In my previous post I wrote about what the European Union is doing to drive the energy transition and how this will reduce greenhouse gas emissions globally. However, that was only half of the story. The truth is that the circular economy is equally needed to get to net-zero emissions, especially now that the pressure on the energy systems from the war in Ukraine is making it more difficult to opt out of fossil fuels. Key studies by the Ellen MacArthur Foundation show that while 55% of emissions can be tackled by transitioning to clean energy, the remaining 45% of greenhouse gas emissions come from the way we make and use products and food and manage land.
In the face of sharp volatility increases and value chain disruptions caused by the pandemic and strained diplomatic relations between some countries, the call for a new economic model is growing louder. In the quest for a substantial improvement in resource performance across the economy, businesses have started to explore ways to reuse products or their components and restore more of their precious material, energy, and labor inputs. Our current linear ‘take, make, dispose’ economic model relies on massive quantities of cheap, easily accessible materials and energy. It is reaching its physical limits. The circular economy is an attractive and viable alternative that businesses are already exploring today.
The circular economy is one that is restorative and regenerative by design. It aims to keep products, components, and materials at their highest utility and value at all times, distinguishing between technical and biological cycles. This new economic model seeks to ultimately decouple global economic development from finite resource consumption. It enables key policy objectives such as generating economic growth, creating jobs, and reducing environmental impacts, including carbon emissions.
The time is right, no doubt, to take this concept of ‘circular economy’ one step further, to take a closer look at its potential for businesses and economies, and to prepare the ground for its adoption at the policy level. This is exactly what the European Commission is doing through the Circular Economy Action Plan, one of the main building blocks of the ambitious European Union Green Deal—Europe’s new agenda for sustainable growth. The action plan, which has initiatives along the entire life cycle of products, targets how products are designed, promotes circular economy processes, encourages sustainable consumption, and aims to ensure that waste is prevented and the resources used are kept in the EU economy for as long as possible. It introduces policy and regulatory measures targeting areas where real added value can be achieved.
To deliver the climate and biodiversity benefits of a circular economy, businesses and governments across all countries must work together to change the system, and this means redesigning the way we make and use products and food. This shift will give us the power to not only reduce waste, pollution, and greenhouse gas emissions but also to enhance prosperity, jobs, and resilience.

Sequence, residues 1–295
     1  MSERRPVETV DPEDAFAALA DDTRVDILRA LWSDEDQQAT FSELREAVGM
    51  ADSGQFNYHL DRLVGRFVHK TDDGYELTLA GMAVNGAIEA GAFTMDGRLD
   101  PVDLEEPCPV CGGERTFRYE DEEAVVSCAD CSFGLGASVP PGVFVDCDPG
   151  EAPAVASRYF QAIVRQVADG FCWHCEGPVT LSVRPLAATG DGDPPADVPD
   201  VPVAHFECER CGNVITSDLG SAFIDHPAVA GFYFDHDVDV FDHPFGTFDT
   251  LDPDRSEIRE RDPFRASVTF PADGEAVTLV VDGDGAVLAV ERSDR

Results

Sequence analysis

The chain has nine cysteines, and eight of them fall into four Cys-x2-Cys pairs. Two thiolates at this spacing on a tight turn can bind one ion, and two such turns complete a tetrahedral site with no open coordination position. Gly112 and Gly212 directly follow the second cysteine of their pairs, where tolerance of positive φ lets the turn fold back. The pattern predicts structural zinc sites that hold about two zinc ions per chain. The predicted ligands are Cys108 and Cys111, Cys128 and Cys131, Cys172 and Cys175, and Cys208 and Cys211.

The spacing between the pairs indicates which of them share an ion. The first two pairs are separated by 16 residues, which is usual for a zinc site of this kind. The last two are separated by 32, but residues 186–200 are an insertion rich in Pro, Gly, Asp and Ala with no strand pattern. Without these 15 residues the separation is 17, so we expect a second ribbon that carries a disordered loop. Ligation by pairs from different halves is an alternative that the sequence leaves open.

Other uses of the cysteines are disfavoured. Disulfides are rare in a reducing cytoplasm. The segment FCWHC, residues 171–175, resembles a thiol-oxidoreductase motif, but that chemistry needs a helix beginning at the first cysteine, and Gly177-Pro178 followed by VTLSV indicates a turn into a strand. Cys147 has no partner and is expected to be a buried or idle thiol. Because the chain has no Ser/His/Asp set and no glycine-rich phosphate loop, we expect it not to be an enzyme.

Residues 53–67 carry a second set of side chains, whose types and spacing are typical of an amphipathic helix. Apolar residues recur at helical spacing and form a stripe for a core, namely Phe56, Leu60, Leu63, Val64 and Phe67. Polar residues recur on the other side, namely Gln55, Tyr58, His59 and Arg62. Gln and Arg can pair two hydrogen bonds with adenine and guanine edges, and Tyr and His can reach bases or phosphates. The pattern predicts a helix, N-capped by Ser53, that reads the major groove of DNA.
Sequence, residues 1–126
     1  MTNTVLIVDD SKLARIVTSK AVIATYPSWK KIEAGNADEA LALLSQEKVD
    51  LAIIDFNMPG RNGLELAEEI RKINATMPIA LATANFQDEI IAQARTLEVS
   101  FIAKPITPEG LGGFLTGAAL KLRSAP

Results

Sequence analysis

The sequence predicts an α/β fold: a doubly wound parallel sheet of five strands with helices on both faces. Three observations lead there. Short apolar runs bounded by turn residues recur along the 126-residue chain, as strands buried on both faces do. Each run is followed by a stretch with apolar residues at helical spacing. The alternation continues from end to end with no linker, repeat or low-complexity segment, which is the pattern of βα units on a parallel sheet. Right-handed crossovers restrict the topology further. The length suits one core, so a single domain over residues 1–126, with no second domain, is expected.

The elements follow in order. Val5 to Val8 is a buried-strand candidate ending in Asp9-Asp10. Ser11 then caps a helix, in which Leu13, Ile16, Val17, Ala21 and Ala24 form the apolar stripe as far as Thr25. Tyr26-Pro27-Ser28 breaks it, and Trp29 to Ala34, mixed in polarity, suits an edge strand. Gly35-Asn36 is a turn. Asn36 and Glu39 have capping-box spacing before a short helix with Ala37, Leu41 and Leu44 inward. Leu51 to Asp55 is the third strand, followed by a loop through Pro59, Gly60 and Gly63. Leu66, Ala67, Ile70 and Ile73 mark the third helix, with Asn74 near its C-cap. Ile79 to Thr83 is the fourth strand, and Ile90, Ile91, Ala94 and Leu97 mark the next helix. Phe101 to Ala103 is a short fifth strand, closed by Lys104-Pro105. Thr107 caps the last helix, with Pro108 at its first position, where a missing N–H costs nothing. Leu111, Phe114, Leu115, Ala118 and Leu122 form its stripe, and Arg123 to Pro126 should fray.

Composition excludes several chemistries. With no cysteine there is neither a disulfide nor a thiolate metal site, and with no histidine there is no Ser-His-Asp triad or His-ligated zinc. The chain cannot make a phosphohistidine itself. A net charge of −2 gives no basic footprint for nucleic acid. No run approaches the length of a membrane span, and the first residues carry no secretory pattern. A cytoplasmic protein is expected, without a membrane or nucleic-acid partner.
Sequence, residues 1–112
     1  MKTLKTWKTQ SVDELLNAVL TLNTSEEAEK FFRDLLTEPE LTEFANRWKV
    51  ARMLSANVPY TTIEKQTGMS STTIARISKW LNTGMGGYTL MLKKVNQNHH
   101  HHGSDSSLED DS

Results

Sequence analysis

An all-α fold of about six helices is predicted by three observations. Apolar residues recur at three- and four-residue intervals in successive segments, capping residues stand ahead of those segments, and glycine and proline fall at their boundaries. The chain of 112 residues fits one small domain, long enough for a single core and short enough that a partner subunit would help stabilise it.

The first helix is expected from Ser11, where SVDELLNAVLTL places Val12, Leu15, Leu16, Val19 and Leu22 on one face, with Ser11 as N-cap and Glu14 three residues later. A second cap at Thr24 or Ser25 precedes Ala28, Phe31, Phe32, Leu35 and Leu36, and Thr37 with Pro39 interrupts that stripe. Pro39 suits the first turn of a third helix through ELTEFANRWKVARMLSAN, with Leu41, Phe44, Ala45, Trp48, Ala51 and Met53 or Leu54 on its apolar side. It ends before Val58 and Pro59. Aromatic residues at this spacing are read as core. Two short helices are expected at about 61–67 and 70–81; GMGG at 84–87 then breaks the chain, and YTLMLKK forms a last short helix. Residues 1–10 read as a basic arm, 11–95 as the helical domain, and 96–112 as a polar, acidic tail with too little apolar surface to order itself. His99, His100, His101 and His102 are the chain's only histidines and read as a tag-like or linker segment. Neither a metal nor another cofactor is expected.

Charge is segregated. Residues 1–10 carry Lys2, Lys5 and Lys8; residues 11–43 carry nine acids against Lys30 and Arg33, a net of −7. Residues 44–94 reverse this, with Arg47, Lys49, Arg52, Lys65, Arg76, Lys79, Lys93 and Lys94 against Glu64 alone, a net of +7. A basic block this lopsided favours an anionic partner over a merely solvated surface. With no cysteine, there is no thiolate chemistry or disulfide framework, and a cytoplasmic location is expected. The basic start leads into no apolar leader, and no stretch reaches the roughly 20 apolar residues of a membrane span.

We are witnessing an abundance of positive circular innovation projects centered at tackling climate change. One of the largest EU activities is the SWITCH-Asia program, which works to promote the transition to a green economy and sustainable consumption and production through policy, innovation, and information sharing.
DT Global continues to support innovation and champions policies that transform the economic environment at local, regional, and national levels while creating sustainable economic opportunities for communities and businesses. Sound economic policy, especially regarding the efficient use of resources, is key to building productivity and accelerating the circular economy. Combined with effective infrastructure, renewable energy sources, a strong legal framework, and well-functioning markets, the circular economy creates an environment that spurs private enterprise growth and expands employment opportunities. DT Global is supporting both the public and private sectors on this journey to improve the global challenges of climate change and waste issues.
Transitioning to the circular economy requires all stakeholders across systems to play their part. The role of all businesses, regardless of size, is vital if we are to find new, circular ways of creating, delivering, and capturing value that also benefits society and the environment. No one can say how long this transformation will take, but what we can say is that it is already well underway.
The bottom line is that we need businesses and governments to work together towards creating a system that allows us all to make better choices, choices that are part of the solution to global challenges rather than part of the problem.